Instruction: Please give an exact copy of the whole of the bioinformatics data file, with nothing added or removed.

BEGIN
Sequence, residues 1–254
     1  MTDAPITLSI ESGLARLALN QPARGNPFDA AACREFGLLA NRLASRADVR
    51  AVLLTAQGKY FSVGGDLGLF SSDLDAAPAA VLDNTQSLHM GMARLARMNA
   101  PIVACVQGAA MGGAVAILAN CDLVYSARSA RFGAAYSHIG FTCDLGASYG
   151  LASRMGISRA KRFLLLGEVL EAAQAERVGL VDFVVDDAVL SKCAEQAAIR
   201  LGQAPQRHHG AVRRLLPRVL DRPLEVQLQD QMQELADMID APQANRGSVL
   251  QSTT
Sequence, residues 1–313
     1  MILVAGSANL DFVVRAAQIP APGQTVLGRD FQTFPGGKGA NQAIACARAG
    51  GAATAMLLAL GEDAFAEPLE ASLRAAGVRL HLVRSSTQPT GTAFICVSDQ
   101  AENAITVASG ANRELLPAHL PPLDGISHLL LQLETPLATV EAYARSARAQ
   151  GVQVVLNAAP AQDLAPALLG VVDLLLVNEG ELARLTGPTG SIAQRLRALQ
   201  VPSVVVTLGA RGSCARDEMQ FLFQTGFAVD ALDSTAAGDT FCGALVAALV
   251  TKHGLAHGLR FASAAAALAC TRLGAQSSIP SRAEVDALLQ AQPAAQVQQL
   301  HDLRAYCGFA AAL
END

Sequence, residues 1–254
     1  MTDAPITLSI ESGLARLALN QPARGNPFDA AACREFGLLA NRLASRADVR
    51  AVLLTAQGKY FSVGGDLGLF SSDLDAAPAA VLDNTQSLHM GMARLARMNA
   101  PIVACVQGAA MGGAVAILAN CDLVYSARSA RFGAAYSHIG FTCDLGASYG
   151  LASRMGISRA KRFLLLGEVL EAAQAERVGL VDFVVDDAVL SKCAEQAAIR
   201  LGQAPQRHHG AVRRLLPRVL DRPLEVQLQD QMQELADMID APQANRGSVL
   251  QSTT
Sequence, residues 1–313
     1  MILVAGSANL DFVVRAAQIP APGQTVLGRD FQTFPGGKGA NQAIACARAG
    51  GAATAMLLAL GEDAFAEPLE ASLRAAGVRL HLVRSSTQPT GTAFICVSDQ
   101  AENAITVASG ANRELLPAHL PPLDGISHLL LQLETPLATV EAYARSARAQ
   151  GVQVVLNAAP AQDLAPALLG VVDLLLVNEG ELARLTGPTG SIAQRLRALQ
   201  VPSVVVTLGA RGSCARDEMQ FLFQTGFAVD ALDSTAAGDT FCGALVAALV
   251  TKHGLAHGLR FASAAAALAC TRLGAQSSIP SRAEVDALLQ AQPAAQVQQL
   301  HDLRAYCGFA AAL